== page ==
Basic Accessibility Principles

Any course learning materials MUST adhere to basic accessibility principles. Files like Word, PPT, PDF, Excel, etc. need to go through the ADA compliance check as a final check. Here are some of the most basic principles for digital accessibility across many kinds of formats:

  1. Provide a good heading structure: Use different levels of heading and a clear format to better separate and structure information.
  2. Provide a text description for visuals: Text description is required to help people with visual impairments understand any important and informative visuals presented. The description should be concise but still, carry meaningful information.
  3. Make links descriptive: Provide a meaningful text description for a web link such as “the homepage of the University of Illinois” instead of Do not use “link” or “Click here” to describe the link.
  4. Caption video and transcribe audio: Multimedia resources should have an onscreen caption or text transcript to help people with or without disabilities such as non-native English users and visually oriented learners.
  5. Designate table headers and ensure the data cells are associated with the headers: Header Row or Column in a table makes navigation inside the table easy for screen reader users. Tables are supposed to be used for data and using it for layout purposes is not recommended. Table summary or caption describing the purpose of the table helps learners understand the table.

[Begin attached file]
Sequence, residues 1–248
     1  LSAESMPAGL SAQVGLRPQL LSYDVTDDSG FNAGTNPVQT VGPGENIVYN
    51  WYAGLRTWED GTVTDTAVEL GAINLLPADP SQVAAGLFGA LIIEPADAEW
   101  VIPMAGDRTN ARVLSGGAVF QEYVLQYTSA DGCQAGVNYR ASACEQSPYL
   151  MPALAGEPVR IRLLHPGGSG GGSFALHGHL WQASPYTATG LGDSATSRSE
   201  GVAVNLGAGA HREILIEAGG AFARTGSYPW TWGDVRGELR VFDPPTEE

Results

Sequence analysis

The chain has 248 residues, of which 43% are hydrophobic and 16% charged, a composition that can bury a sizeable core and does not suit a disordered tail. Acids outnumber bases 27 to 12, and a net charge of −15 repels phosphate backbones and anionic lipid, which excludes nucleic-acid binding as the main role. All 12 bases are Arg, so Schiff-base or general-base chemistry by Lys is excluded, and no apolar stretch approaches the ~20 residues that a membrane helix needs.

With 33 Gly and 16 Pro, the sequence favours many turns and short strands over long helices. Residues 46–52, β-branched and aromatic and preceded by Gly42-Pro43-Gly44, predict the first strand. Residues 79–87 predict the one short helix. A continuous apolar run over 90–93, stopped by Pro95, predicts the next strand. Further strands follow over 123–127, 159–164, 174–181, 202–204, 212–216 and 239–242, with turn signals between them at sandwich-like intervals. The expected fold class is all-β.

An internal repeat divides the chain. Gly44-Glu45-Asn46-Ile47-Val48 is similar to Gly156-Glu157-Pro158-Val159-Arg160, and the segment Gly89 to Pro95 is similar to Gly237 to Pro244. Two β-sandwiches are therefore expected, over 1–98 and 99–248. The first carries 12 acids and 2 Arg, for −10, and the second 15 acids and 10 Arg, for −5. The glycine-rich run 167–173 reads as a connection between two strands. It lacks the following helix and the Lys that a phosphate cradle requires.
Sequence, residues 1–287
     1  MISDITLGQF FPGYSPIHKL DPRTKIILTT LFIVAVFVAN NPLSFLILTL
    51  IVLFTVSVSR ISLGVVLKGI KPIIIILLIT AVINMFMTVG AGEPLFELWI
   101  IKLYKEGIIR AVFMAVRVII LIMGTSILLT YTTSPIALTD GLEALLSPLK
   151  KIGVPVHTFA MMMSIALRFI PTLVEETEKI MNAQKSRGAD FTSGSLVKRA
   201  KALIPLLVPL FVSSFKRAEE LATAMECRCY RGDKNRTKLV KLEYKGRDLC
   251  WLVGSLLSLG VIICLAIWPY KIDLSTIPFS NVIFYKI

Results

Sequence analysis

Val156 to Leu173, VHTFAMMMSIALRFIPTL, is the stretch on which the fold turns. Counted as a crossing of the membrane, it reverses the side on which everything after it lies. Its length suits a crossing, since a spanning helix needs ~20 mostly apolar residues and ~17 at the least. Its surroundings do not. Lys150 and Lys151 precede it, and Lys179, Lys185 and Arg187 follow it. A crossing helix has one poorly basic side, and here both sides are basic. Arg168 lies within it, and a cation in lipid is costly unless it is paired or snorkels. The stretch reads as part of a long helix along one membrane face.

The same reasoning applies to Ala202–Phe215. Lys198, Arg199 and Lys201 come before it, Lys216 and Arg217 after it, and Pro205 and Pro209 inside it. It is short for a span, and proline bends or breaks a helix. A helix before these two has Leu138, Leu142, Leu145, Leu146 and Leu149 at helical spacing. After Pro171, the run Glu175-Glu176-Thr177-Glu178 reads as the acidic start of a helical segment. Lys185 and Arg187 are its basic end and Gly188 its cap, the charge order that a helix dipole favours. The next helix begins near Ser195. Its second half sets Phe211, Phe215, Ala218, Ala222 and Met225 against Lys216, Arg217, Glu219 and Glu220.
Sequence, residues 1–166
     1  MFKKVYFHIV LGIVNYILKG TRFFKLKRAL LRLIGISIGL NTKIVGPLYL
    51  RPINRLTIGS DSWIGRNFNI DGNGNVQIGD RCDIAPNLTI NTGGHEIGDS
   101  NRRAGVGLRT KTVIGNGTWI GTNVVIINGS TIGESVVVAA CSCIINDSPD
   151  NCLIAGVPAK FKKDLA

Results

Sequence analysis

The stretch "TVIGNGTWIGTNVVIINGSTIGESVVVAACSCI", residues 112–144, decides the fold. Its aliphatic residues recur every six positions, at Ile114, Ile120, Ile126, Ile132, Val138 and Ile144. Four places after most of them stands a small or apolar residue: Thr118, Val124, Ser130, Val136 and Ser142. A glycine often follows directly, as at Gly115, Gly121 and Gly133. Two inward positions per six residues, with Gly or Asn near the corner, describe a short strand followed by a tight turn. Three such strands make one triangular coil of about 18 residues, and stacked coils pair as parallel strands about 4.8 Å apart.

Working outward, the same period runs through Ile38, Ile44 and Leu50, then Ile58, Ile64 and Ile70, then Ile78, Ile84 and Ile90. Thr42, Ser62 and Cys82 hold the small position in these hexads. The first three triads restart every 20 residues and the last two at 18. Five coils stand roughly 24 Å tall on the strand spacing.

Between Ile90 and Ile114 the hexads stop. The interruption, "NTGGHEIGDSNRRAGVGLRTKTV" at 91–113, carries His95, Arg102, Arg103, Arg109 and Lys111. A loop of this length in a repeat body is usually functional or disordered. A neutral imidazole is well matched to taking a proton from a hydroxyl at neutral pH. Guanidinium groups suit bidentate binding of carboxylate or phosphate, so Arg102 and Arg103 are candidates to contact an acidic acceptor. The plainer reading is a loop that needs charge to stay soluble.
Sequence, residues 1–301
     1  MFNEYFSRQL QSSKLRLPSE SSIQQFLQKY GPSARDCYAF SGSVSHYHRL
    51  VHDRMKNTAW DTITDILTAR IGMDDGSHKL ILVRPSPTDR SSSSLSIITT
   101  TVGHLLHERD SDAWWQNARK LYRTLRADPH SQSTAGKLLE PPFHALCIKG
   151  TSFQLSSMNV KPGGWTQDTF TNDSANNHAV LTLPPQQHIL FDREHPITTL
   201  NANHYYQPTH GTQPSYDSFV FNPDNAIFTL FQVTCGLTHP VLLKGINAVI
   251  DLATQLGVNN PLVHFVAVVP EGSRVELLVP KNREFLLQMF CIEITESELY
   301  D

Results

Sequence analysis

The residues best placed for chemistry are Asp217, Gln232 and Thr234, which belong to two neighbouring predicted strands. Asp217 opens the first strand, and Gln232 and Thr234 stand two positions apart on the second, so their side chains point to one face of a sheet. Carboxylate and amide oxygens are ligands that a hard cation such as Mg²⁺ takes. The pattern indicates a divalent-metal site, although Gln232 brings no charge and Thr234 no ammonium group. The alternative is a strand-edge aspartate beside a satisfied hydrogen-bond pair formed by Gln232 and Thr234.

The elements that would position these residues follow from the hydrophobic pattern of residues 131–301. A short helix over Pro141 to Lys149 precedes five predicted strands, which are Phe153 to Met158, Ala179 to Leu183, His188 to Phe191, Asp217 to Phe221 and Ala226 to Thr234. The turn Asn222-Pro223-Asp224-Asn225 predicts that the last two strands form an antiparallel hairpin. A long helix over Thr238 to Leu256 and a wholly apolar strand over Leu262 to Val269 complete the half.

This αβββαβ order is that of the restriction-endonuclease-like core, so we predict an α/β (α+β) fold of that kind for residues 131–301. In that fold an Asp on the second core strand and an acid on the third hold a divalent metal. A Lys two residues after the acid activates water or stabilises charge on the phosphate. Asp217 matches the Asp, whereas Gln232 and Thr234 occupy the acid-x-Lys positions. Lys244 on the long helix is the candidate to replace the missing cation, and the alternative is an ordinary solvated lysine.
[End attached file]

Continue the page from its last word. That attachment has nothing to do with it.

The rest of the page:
6. Avoid using PDFs that are just image scans: If a PDF is used, make it accessible by tagging texts with correct reading orders or create an accessible alternative (HTML or Word).
  7. Check accessibility compliance for e-textbook and apps/software: Any third-party digital assets used in class need to go through an accessibility compliance checks. For example, if you are using a digital textbook, check with the publisher for Document Accessibility Profile (DAP). If you are using any apps or software, check with the vendors for Voluntary Product Accessibility Template (VPAT).
  8. Make content & navigation accessible using the keyboard alone: For people who are blind, have a low vision, have limited mobility with their hands, or have no access to a mouse, testing course content with keyboard navigation only is important.
  9. Ensure sufficient contrast between text and background: It is important to have a strong color contrast between text and background to help learners perceive information better. Do not use color alone to convey important information but use it with other stylistic features such as bold or italics.
  10. Allow enough time to read and use the content: Learners need control to pause or stop any timed item in the course site such as video or a form to fill out. This gives learners who need help with reading or more time to interact with the platform/interface to access and fulfill any required work. If your course has a timed quiz or exam, make sure that learners will have enough time to access and complete the task.

If you have any questions or suggestions on this topic, please contact Jinhee Choo (